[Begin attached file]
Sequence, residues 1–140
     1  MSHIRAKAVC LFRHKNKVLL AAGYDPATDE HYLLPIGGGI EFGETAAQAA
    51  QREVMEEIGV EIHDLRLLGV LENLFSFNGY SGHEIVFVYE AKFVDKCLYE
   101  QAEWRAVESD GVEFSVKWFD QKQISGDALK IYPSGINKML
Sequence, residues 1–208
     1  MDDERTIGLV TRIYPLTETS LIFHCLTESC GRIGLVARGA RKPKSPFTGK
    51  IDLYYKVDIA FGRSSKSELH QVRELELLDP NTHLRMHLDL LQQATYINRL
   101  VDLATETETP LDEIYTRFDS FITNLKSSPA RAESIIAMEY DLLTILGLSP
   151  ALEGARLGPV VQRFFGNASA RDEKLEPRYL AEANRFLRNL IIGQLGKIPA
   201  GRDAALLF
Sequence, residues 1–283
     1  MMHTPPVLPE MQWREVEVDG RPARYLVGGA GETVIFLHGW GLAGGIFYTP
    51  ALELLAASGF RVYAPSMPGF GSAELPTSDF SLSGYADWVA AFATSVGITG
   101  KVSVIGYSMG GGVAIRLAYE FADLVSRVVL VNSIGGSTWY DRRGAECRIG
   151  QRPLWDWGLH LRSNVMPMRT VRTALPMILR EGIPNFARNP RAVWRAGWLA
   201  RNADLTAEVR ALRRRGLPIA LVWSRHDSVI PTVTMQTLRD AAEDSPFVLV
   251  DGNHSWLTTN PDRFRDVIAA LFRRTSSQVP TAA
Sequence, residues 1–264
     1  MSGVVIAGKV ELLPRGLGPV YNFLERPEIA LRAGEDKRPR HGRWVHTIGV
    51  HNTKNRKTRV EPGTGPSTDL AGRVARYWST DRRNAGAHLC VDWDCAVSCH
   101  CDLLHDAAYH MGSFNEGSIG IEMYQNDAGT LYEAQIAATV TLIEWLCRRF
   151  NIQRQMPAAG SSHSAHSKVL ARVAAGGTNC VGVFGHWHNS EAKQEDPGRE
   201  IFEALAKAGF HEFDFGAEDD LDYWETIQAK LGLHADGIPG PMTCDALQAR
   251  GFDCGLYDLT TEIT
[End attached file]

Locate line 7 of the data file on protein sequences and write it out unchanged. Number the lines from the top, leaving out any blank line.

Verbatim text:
    51  IDLYYKVDIA FGRSSKSELH QVRELELLDP NTHLRMHLDL LQQATYINRL